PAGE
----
Calls for flint walls in Lewes to be checked after castle wall collapse

The deputy mayor of Lewes has raised concerns about the flint walls bounding the twittens following the collapse of part of Lewes Castle’s curtain wall.

The wall, which was 1,000 years old, collapsed into a resident’s garden and against the Old Coach House on November 11.

Lewes deputy mayor Stephen Catlin by the walls bounding the twittens

Lewes deputy mayor Stephen Catlin by the walls bounding the twittens

READ MORE: Lewes Castle wall collapse: Here’s what we know so far

Lewes Castle wall collapse: ‘It is sad – a piece of history has gone’

The 11th-century castle was closed to the public for safety reasons and the incident sparked a large emergency response. Fortunately, no-one was hurt.

In the wake of the collapse, deputy mayor councillor Stephen Catlin has called for the walls bounding the twittens to be checked.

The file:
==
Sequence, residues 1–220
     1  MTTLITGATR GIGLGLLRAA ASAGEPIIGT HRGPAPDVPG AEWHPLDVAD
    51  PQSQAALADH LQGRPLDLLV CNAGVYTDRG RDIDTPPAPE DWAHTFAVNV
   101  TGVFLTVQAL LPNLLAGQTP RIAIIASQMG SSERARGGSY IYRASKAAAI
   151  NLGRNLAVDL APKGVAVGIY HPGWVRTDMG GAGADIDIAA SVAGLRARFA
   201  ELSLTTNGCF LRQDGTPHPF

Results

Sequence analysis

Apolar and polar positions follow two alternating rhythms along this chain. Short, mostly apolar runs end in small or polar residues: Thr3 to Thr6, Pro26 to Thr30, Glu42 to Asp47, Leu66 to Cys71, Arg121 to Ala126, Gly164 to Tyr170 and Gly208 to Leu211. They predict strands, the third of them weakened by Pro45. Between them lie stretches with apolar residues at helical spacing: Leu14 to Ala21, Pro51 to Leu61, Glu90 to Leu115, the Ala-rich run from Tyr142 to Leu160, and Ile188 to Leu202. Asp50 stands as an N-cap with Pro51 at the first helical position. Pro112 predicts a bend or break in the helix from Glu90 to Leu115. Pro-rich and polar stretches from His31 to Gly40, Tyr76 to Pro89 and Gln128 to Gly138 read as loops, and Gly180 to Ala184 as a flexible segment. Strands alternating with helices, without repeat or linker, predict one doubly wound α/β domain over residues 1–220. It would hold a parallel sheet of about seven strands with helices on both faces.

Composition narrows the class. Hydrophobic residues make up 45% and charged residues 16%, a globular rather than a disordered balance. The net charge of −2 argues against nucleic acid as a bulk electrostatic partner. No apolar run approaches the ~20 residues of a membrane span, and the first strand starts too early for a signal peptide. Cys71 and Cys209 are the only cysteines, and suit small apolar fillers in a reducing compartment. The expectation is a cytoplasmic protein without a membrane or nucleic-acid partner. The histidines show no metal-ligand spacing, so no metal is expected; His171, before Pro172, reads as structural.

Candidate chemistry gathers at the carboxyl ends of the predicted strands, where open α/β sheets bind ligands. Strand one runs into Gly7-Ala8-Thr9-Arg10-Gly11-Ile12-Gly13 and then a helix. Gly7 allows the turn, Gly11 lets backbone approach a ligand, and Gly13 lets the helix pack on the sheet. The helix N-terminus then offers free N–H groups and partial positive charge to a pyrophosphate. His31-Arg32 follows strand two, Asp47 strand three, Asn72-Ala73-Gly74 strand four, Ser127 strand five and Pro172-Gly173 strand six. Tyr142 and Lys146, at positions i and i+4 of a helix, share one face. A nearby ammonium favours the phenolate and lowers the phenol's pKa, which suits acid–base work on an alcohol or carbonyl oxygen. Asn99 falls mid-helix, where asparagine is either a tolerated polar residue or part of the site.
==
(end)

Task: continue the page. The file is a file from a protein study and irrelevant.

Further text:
There are cracks – I just think it needs checking.

Deputy mayor of Lewes councillor Stephen Catlin

“There are cracks – I just think it needs checking because we don’t want these problems to be repeated,” he told the Express.

He said what happened near Lewes Castle was an ‘alarm call for all heritage buildings to be re-examined’.

A section the wall near Lewes Castle which was at risk following the collapse earlier this month has been removed for safety reasons.

Contractors working for East Sussex County Council used heavy machinery to pull down the wall onto nearby land, away from properties in Castle Ditch Lane. Watch a video here.

The deputy mayor of Lewes has called for the flint walls to be checked

The deputy mayor of Lewes has called for the flint walls to be checked

The small section of wall had been left standing after the wall fell on November 11, but was in a precarious position and at risk of collapse.

To access the site, contractors had to remove part of a contemporary wall on the nearby bowling green and move their machinery in over the edge of the green and two neighbouring gardens.

The county council will now work with partners including Lewes District Council and Historic England to carefully examine the rubble before removal, which it is hoped will provide clues as to why it fell.

The district council confirmed it was unable to comment on Mr Catlin’s concerns due to the impending election.